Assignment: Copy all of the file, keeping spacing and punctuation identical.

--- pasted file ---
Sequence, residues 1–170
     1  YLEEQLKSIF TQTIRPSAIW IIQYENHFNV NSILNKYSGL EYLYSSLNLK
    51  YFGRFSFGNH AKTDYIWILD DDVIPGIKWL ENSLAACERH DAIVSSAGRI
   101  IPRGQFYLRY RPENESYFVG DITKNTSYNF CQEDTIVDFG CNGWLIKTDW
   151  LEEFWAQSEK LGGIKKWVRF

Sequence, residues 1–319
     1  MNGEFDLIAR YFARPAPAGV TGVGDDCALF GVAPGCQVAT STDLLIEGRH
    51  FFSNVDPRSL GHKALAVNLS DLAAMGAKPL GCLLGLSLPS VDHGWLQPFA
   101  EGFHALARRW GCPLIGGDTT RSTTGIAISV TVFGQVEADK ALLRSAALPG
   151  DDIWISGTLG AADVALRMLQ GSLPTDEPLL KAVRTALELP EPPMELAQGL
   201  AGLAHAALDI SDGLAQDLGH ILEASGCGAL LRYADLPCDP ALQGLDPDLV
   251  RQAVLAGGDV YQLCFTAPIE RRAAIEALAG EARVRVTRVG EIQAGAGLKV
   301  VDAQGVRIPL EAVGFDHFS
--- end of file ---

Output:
Sequence, residues 1–170
     1  YLEEQLKSIF TQTIRPSAIW IIQYENHFNV NSILNKYSGL EYLYSSLNLK
    51  YFGRFSFGNH AKTDYIWILD DDVIPGIKWL ENSLAACERH DAIVSSAGRI
   101  IPRGQFYLRY RPENESYFVG DITKNTSYNF CQEDTIVDFG CNGWLIKTDW
   151  LEEFWAQSEK LGGIKKWVRF

Sequence, residues 1–319
     1  MNGEFDLIAR YFARPAPAGV TGVGDDCALF GVAPGCQVAT STDLLIEGRH
    51  FFSNVDPRSL GHKALAVNLS DLAAMGAKPL GCLLGLSLPS VDHGWLQPFA
   101  EGFHALARRW GCPLIGGDTT RSTTGIAISV TVFGQVEADK ALLRSAALPG
   151  DDIWISGTLG AADVALRMLQ GSLPTDEPLL KAVRTALELP EPPMELAQGL
   201  AGLAHAALDI SDGLAQDLGH ILEASGCGAL LRYADLPCDP ALQGLDPDLV
   251  RQAVLAGGDV YQLCFTAPIE RRAAIEALAG EARVRVTRVG EIQAGAGLKV
   301  VDAQGVRIPL EAVGFDHFS